Senators get farmer's advice on farm bill -, South Georgia News, Weather, Sports

Senators get farmer's advice on farm bill

June 23, 2006

Albany -- The first regional hearing on the 2007 Farm Bill was held Friday morning in Albany.   Dozens of South Georgia farmers answered Senator's questions about their crops and livestock,   as work begins on the bill that will shape the future of agriculture across the nation.

 A new Farm Bill matters to you, to produce the food you put on your table. To the producer, it's his job and future. Georgia Senator Saxby Chambliss, the Chairman of the Senate Agricultural Committee, held the first of a series of farm bill hearings to be held across the U.S., in Albany,to hear it straight from farmers. Senator Saxby Chambliss said "These are the folks that I know. These are folks involved in production agriculture in our part of the state. They are very representative of agriculture across the Southeast."

Dozens of South Georgia farmers were there. Senator Pat Roberts of Kansas, working on his sixth farm bill, said this is the best way to do it. Senator Pat Roberts said "Sit down with farmers, sit down on the wagon tongue with them, look them in the eye, and say hey, what do you need, what are your suggestions."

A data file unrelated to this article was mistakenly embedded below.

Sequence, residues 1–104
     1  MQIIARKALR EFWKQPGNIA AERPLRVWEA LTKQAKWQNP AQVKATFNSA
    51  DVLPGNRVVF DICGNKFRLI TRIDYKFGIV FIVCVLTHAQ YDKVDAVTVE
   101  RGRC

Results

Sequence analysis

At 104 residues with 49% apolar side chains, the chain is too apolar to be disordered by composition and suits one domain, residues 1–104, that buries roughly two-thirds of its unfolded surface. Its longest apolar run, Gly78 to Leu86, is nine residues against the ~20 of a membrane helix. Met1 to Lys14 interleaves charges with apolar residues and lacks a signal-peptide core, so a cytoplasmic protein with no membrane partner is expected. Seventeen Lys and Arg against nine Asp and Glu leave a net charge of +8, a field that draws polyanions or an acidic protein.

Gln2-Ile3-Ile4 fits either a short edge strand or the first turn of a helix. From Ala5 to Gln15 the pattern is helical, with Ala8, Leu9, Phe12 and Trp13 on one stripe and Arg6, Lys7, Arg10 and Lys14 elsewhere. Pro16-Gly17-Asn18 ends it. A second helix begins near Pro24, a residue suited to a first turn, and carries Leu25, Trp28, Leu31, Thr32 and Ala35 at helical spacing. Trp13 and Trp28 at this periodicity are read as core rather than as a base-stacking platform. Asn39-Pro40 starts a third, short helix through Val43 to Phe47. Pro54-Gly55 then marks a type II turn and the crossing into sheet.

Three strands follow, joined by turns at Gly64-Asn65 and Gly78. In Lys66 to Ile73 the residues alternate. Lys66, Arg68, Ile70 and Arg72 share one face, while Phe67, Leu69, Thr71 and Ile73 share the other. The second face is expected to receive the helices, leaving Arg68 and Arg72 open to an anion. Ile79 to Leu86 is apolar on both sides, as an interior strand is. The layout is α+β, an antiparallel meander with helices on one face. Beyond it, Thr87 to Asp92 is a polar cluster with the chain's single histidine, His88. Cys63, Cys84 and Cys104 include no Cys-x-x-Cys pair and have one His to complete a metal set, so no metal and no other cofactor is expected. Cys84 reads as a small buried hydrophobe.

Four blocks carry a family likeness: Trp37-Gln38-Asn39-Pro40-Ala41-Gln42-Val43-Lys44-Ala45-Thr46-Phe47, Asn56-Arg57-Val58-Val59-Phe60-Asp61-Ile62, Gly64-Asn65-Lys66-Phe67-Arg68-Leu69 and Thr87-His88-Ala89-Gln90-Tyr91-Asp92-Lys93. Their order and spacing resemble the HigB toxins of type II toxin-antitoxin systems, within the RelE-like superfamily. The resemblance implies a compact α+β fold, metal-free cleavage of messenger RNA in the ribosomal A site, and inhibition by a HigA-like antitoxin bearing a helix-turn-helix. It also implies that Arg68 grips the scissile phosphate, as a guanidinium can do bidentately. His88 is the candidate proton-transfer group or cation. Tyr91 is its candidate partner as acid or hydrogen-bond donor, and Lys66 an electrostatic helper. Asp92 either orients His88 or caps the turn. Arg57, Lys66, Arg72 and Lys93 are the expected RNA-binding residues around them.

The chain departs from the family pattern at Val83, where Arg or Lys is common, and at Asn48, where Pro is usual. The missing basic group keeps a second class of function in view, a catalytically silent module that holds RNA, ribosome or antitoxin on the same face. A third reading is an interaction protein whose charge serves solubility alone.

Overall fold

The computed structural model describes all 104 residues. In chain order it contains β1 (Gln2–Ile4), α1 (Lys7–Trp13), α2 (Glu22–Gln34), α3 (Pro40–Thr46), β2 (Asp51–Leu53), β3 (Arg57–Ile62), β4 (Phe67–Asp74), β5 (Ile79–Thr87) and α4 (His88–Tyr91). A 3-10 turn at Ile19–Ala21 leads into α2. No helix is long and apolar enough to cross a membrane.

Farm leaders representing various crop groups told the Senators their needs. Nikki Newberry, the daughter of a Wilcox County farmer, and an Ag student at the University of Georgia said "Agriculturists are stewards of the land. Stewards who want their land they cultivate and the natural resources on their land preserved."

Then the Senators asked tough questions,mostly about how to pay for farm programs during tough budget times. Senator Chambliss said "We simply don't have the money. So we are going to have less money to spend, we're going to have to spend it more wisely."

Most of the farmers said rising fuel costs and competition from cheaper foreign crops were squeezing their chance of making a profit.

The Senators say this information is what they need to make tough policy decisions. Chambliss said "It's important that we protect all of American agriculture, and these guys today have done a great job."

Most farmers said this hearing will help. Tim McMillan of Enigma said "I think they are listening to us. They are taking it seriously, and I think they are going to take back some ideas to Washington from what they hear today."

 Next month more hearings on the Farm Bill will be held in Pennsylvania and Missouri, then on to Iowa and two other Western States.


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